The last two journalists working for Australian media in China left the country after police demanded interviews with them and temporarily blocked their departures, marking a further twist in China’s increasingly troubled relationship with the foreign media.
The absence of Australian media from China for the first time in four decades comes during a low point in the two countries’ relations, and the events that led to the journalists’ departures were seen as evidence of an increasing risk to foreign journalists working in China.
Australian Broadcasting Corp’s (ABC) Bill Birtles and the Australian Financial Review’s Michael Smith landed in Sydney yesterday after flying from Shanghai on Monday night, both news outlets reported.
Photo: AP / Australian Broadcasting Corp
Both journalists had sheltered in Australian diplomatic compounds in the past few days.
They left after Australia revealed last week that Australian citizen Cheng Lei (成蕾), a business news anchor for CGTN, China’s English-language state media channel, had been detained.
Both journalists were told they were “persons of interest” in an investigation into Cheng, the Australian Financial Review reported.
Photo: AP / Australian Broadcasting Corp
Seven uniformed police visited each journalist’s home, in Beijing and Shanghai, at 12:30am on Thursday, the newspaper said.
Birtles said he knew Cheng, “but not especially well,” and Smith had met her once.
“I believe the episode was more one of harassment of the remaining Australian journalists rather than a genuine effort to try and get anything useful for that case,” he said from his Sydney quarantine hotel.
Chinese Ministry of Foreign Affairs spokesperson Zhao Lijian (趙立堅) told reporters that Cheng was “suspected of carrying out criminal activities endangering China’s national security.”
“Compulsory measures have been imposed on Cheng and she has recently been investigated by relevant authorities,” Zhao said at a daily briefing yesterday.
As part of that investigation and in accordance with the law, China’s “relevant authority” demanded to question Birtles and Smith “which is normal law enforcement,” Zhao said. “As long as foreign journalists conduct news reporting in accordance with laws, they should have nothing to worry about.”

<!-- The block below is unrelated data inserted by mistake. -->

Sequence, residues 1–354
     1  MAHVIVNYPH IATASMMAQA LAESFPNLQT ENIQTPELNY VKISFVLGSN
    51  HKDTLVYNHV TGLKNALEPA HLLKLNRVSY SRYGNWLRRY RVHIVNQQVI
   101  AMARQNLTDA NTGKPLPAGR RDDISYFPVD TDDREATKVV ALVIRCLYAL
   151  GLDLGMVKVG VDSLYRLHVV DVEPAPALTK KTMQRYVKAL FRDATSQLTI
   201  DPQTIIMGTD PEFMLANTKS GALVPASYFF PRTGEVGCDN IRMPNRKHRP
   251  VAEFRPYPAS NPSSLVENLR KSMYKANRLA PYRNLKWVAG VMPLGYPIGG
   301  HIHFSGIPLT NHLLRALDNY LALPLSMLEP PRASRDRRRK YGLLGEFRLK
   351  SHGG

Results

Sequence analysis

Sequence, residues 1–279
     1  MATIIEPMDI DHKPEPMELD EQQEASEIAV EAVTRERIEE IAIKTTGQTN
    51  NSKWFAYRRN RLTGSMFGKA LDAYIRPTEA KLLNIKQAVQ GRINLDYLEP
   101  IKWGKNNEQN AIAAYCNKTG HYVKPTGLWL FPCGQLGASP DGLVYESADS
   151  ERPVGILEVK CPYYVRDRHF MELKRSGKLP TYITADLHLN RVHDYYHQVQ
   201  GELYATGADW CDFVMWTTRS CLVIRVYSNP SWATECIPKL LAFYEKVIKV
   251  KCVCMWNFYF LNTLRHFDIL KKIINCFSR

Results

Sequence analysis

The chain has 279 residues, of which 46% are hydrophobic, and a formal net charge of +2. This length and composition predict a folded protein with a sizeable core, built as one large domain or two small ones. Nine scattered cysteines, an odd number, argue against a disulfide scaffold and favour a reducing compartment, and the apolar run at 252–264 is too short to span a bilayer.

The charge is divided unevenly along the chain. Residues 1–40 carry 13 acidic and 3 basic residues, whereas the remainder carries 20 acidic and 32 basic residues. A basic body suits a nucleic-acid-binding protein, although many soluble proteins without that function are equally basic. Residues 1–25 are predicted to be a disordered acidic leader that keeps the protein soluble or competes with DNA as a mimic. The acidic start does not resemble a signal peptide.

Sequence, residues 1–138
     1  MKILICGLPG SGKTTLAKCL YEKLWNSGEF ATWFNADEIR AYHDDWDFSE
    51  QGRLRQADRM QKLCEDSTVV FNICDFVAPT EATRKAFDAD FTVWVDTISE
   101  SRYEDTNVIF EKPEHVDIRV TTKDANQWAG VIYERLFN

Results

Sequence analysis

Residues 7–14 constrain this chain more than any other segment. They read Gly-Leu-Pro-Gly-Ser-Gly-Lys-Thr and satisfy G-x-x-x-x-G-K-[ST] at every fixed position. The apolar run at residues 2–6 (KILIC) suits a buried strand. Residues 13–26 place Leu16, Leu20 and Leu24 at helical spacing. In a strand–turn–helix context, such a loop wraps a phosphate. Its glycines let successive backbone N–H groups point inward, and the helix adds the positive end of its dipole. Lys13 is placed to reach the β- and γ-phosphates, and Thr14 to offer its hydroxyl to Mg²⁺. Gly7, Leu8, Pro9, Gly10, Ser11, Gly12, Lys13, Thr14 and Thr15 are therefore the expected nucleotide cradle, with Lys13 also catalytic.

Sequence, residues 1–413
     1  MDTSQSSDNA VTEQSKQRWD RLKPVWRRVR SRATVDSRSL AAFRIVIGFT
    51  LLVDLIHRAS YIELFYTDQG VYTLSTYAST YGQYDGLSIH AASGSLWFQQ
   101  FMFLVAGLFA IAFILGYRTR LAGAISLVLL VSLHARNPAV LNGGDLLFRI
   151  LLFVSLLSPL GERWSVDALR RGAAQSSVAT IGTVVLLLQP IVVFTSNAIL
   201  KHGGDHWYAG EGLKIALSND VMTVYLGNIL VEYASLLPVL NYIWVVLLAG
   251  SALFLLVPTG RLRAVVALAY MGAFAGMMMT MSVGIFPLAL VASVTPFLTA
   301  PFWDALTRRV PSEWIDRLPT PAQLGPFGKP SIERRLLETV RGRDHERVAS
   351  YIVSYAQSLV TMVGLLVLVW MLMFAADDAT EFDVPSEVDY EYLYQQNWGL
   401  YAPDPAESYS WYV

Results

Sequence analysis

Australian embassy officials in Beijing told Birtles last week that he should leave China, ABC reported.
Birtles was due to depart Beijing on Thursday and was holding a farewell party on Wednesday night when police came to his apartment and told him he was banned from leaving the country, ABC said.
He was told he would be contacted on Thursday to organize a time to be questioned about a “national security case,” it said.
Birtles went to the Australian embassy, where he spent four days while Australian and Chinese officials negotiated.
Smith had similarly holed up at the Australian consulate in Shanghai.
They both agreed to give police a brief interview in return for being allowed to leave the country.
Australian Minister for Foreign Affairs Marise Payne said Cheng’s detention was part of the reason her government had advised the journalists to leave. She declined to detail all the reasons.
“It is disappointing that after many years, Australia will not have a media organization present in China for some period of time,” Payne said.
She said Australia would not retaliate by revoking the visas of Chinese journalists working in Australia.
“Australia operates according to law and in our national interests, and unless individuals are breaching laws in Australia, then that would not be an approach that we would take,” Payne said.
Australia’s travel warning of the risk of arbitrary detention in China “remains appropriate and unchanged,” she added.
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